I am not impressed.

Friday, September 17, 2010

Cold Boot vs Warm Boot

Booting the computer is often referred to as starting the computer up.

It is a series of processes or operations that get the computer up and running when it is powered on.

A "cold boot" is when the computer is powered up from the completely off position.

It is not "sleeping" or "hibernating" as some do to conserve energy - the computer is still powered on for both of those processes to occur.

Most users perform a cold boot each morning when they turn on their system for the day.

A "warm boot" is when the computer is restarted, either from the user telling the operating system to restart or from a program that needs the system to restart in order to use it.

There is also a term called a "random boot".

And we do not like when this happens.

A random boot usually happens when there is a software or hardware conflict or problem in the system which makes the computer reboot.

Finding and fixing what caused that to happen is not fun, so thank goodness it is not something that happens regularly.

Tuesday, September 7, 2010


If you have done any kind of work with an html editor, than you have probably run into this term.

I actually first heard about it back in the mid 1980's when computers were still quite basic - mainly a storage system or a spreadsheet program that would make users cry today.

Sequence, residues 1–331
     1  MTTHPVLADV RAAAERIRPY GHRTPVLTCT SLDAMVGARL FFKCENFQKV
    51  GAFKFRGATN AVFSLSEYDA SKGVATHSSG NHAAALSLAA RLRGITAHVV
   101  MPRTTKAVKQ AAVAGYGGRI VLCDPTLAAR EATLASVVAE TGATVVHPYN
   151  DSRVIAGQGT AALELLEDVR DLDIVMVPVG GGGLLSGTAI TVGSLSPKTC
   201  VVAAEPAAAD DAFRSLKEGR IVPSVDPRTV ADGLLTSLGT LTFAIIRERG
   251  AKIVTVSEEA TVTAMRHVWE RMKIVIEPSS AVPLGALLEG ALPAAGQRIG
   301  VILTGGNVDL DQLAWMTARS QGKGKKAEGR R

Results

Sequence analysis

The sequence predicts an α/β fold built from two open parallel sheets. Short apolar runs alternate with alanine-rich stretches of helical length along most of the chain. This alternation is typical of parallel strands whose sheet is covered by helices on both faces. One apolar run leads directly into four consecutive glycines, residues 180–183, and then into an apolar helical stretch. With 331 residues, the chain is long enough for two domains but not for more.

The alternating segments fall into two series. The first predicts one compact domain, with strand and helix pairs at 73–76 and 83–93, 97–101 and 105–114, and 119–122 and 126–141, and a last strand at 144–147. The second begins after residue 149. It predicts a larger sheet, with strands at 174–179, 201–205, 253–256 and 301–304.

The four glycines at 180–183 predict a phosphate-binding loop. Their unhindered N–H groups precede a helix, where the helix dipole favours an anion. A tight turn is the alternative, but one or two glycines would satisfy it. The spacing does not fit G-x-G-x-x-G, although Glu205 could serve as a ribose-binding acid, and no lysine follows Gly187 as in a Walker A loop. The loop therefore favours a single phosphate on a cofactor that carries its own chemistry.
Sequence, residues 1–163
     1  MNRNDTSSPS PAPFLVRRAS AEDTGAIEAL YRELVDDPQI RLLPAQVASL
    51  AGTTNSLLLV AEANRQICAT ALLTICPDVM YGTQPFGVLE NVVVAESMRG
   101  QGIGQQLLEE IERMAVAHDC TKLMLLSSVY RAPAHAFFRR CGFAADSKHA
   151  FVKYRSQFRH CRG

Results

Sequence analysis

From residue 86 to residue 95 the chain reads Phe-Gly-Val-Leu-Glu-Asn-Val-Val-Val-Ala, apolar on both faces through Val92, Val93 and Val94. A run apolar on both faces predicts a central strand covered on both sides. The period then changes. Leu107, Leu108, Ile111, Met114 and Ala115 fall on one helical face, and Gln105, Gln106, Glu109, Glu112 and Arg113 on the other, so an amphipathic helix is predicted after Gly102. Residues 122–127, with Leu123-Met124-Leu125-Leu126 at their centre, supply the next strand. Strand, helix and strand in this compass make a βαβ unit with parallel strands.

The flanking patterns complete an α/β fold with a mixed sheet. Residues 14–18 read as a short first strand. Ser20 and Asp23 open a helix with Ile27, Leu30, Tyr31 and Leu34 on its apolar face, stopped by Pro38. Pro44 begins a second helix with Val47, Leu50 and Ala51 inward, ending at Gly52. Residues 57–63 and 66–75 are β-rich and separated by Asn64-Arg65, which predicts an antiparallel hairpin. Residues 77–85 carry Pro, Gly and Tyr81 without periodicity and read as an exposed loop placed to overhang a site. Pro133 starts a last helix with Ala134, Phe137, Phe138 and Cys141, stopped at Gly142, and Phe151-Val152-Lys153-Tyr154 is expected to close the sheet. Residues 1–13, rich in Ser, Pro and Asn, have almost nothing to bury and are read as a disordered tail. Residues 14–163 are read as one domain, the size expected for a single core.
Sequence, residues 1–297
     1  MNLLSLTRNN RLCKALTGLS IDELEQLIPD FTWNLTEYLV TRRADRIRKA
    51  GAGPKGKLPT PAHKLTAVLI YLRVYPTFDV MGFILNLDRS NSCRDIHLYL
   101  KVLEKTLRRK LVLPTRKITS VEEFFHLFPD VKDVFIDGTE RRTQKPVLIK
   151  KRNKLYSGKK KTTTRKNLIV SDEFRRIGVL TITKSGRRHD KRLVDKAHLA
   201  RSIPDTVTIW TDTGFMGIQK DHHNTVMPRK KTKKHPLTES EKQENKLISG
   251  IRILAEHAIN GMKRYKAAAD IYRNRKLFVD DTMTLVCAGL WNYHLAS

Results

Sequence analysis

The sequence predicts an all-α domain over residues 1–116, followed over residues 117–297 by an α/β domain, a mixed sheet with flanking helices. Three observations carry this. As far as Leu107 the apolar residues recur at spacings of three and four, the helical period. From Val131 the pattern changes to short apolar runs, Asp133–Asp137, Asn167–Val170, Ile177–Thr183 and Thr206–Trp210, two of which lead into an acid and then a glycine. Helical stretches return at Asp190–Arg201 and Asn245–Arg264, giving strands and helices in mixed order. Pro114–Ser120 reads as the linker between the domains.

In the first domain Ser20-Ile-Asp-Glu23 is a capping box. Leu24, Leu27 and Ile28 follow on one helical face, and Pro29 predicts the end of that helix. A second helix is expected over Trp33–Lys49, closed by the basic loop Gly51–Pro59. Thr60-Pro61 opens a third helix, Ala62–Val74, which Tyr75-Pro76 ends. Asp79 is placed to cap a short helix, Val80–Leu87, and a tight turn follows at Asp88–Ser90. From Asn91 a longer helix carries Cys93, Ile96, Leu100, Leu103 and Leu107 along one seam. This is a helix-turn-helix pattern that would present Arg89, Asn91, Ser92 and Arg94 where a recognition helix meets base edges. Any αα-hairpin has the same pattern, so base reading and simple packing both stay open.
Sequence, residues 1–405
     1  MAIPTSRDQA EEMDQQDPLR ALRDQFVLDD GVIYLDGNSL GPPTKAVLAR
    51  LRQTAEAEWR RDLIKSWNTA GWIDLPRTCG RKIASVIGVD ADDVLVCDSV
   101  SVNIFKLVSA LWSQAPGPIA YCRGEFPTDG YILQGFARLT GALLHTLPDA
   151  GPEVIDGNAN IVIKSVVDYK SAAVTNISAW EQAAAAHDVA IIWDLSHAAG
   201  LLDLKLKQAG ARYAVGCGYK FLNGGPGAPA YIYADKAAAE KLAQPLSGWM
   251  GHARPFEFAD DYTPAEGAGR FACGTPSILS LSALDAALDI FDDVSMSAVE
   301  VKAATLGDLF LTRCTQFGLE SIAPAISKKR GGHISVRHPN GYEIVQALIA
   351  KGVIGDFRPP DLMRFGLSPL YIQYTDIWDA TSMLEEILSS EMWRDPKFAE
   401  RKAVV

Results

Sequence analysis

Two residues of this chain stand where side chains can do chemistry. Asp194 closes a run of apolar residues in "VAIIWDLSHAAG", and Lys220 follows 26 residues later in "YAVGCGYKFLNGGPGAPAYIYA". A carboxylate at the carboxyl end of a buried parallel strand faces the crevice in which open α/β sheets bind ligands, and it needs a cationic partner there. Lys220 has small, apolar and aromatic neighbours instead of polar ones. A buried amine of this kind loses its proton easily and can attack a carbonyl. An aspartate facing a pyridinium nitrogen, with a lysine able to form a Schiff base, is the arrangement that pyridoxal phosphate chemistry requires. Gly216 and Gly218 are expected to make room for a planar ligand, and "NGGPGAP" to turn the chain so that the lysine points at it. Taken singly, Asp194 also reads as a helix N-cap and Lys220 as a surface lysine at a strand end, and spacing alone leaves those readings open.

WYSIWYG is an acronym.

It stands for: What You See Is What You Get.

What it means is pretty much this:

When using an editor and choosing the font, colors, alignment, text types, etc - usually from a bar across the top of the editor, all of these choices will be shown as you type along.

Your finished product will look like it does as you prepare it.

No surprises - what you see is what you get.

Without this feature, you better know some basic html and the different names for fonts and colors so you can code the webpage and have it look correct.

WYSIWYG makes our life so much easier, and many computer users today don't know what it is like to not have this feature on an editor.

Thursday, September 2, 2010

Hex Codes

I had no idea what a hex code was when I first started to learn about coding.

I knew what a hex wrench was - a tool my husband used for certain types of screws.

Couldn't see what that had to do with web pages on computer.

It took some researching, but I was able to find out exactly what it was - and how simple they were to use.

Hex codes are used to design color on web pages.

Any color on a web page has a hex code that defines that color.

It is a six digit series of number and letters.

Each number and letter represents the blue, green, and red colors, and the intensity of it.

When coding in html, and css, there will be a "#" mark before the code so it is easy to find these hex codes.

There are many color hex codes charts on the web, and a small amount of the colors can be found here on the wiki.

The html goodies website also has some helpful info on color codes.

There are basic colors that are considered "safe" for most programs, operating systems, and browsers.

When one starts getting too fancy, the colors sometimes "do not compute" on another person's computer quite the same.

Of course "color management" for a computer monitor is another story all together.